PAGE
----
Archive for Smithfield Foods

Strange Cotton

Posted in Ecological resilience, Revolution, Sustainable farming with tags , , , , , , , , , , , , , , , , , on August 16, 2013 by rgwallace

Weighing cotton2Southern trees bear a strange fruit, / Blood on the leaves and blood at the root, / Black bodies swinging in the southern breeze, / Strange fruit hanging from the poplar trees. – Abel Meeropol (1936)

My momma was raised in the era when / Clean water was only served to the fairer skin / Doing clothes you would have thought I had help / But they wasn’t satisfied unless I picked the cotton myself… / I see the blood on the leaves. –Kayne West (2013)

Our political consciousness gestates early enough, perhaps in a rudimentary fashion as far back as the womb, but certainly on the playground and at the dinner table, daddy or mommy haranguing some politico. On the other hand, we also never really make it there. A 90-something I know, nodding out her window, copped to asking herself, Am I ever gonna figure that out?

Along the way there are revelations, some more trap doors than epiphanies. We learn history is both contingent and unexpectedly accumulative—shit happens in a growing pile—even as the pathways along which any set of circumstances converges aren’t always clear.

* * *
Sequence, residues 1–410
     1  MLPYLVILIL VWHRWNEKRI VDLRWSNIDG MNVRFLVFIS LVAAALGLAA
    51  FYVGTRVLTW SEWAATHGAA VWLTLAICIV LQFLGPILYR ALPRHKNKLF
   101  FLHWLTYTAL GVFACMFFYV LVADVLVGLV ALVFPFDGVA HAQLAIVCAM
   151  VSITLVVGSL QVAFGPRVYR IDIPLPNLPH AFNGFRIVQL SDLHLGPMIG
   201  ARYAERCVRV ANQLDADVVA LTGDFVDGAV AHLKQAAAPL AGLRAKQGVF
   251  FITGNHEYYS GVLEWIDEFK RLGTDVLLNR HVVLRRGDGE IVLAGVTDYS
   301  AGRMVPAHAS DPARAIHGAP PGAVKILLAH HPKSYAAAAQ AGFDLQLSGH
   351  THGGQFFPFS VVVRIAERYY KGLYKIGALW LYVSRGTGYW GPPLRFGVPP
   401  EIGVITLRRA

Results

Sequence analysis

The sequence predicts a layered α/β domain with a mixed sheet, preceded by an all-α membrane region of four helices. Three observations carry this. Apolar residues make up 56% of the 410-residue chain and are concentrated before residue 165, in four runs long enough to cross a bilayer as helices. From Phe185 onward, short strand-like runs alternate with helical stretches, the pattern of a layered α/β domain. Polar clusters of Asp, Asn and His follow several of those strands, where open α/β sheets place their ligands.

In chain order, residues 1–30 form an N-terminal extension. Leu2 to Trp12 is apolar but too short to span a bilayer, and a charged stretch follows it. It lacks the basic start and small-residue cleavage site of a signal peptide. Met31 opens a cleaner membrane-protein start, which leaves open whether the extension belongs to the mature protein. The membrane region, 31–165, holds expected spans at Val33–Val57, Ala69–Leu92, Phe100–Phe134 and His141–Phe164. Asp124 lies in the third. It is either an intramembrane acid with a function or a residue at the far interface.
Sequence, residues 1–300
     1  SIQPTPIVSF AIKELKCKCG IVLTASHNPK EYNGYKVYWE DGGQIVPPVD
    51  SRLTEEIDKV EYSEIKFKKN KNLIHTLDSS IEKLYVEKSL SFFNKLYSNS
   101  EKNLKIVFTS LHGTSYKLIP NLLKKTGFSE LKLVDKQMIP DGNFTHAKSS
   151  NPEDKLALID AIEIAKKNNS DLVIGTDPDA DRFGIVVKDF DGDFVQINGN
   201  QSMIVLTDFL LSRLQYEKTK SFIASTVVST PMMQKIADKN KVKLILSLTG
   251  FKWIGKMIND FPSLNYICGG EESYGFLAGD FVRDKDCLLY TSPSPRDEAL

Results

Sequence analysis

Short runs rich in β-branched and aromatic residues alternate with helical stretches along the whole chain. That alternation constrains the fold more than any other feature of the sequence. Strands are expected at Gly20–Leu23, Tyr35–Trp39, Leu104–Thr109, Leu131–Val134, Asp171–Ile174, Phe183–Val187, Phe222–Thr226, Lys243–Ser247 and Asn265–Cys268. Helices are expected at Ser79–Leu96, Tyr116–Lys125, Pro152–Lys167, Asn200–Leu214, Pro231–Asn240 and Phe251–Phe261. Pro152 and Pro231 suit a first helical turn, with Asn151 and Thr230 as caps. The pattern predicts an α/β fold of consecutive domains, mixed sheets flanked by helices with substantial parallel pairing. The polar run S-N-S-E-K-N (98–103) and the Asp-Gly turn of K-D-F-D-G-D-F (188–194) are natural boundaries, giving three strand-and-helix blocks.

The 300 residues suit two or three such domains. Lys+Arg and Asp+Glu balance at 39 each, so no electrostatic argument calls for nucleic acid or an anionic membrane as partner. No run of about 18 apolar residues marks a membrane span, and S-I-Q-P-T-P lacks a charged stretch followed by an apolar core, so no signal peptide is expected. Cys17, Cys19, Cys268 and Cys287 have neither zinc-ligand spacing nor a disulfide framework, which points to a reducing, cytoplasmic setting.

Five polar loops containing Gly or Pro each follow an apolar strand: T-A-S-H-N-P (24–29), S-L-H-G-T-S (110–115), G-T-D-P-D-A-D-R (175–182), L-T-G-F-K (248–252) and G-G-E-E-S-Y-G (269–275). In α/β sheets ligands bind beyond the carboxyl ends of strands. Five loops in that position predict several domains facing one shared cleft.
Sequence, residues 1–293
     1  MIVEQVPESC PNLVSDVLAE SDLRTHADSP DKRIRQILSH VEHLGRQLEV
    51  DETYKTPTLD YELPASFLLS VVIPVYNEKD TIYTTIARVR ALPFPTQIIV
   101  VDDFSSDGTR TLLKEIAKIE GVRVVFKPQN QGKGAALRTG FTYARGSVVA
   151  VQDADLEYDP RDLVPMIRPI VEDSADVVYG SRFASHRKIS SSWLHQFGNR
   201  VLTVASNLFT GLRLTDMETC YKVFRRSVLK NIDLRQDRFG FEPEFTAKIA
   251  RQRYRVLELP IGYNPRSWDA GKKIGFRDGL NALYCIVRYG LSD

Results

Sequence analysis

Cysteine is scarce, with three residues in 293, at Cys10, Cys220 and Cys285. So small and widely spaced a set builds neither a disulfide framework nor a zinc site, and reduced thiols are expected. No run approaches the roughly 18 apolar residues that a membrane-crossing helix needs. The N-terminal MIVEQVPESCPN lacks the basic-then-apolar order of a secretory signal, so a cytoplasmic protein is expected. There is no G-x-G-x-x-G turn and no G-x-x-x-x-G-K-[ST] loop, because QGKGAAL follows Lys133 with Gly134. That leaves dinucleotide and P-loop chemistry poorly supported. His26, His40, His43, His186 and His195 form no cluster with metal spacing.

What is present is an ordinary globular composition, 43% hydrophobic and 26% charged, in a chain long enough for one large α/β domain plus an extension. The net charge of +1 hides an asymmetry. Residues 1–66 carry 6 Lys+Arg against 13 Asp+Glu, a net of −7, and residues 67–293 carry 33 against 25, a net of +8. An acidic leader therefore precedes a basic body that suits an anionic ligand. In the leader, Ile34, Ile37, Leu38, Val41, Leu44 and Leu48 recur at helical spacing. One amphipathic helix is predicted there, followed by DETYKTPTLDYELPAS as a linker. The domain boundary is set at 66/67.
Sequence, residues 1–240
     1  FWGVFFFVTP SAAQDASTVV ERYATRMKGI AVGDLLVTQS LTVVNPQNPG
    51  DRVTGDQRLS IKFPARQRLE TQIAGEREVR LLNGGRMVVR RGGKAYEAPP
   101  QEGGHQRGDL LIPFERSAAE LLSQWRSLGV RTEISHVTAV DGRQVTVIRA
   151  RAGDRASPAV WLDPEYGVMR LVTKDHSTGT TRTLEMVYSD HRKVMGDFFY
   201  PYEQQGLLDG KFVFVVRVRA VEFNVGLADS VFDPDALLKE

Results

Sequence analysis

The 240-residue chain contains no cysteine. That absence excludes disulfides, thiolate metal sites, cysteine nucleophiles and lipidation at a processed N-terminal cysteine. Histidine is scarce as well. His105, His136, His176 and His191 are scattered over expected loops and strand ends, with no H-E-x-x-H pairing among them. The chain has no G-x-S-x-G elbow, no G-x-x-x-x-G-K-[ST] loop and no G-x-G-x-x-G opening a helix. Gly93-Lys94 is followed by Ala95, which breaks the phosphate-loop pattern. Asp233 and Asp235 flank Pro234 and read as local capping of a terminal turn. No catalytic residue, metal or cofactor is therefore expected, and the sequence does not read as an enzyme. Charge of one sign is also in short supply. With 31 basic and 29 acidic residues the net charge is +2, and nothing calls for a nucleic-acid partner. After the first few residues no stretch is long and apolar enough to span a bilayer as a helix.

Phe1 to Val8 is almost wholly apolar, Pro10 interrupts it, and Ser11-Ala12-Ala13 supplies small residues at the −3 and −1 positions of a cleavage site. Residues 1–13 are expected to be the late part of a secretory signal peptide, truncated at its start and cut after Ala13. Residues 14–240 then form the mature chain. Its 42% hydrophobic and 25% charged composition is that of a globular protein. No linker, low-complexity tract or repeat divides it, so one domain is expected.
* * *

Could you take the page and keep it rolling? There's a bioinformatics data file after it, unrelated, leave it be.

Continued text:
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The Hog Industry Strikes Back

Posted in Ecological resilience, Evolution, Influenza with tags , , , , , , , , on June 1, 2009 by rgwallace

Swine flu H1N1 appears at one and the same time moving full-boar and on its cloven heels. The World Health Organization reports 15,510 official cases in 53 countries, with new countries regularly reporting in. An order or two more cases are likely unreported and together represent an atypical spring surge for influenza. At the same time, the strain’s virulence appears presently no more than along the lines of a bad seasonal influenza.

One of the mistakes we need avoid is to assume we’ve been victimized by a media-fueled hysteria. Given the mortality rates reported at the beginning of the outbreak in Mexico—exceeding that of the 1918 pandemic—it looked like we were in for it. Previous pandemics teach us that preparing for the worst is the prudent option. Imagine the reaction if only feeble preparations were made in the face of a truly deadly pandemic. The cost of a Type II error, thinking no pandemic possible with one imminent, is catastrophically greater than that of its Type I sibling, thinking a pandemic imminent with none in the offering.

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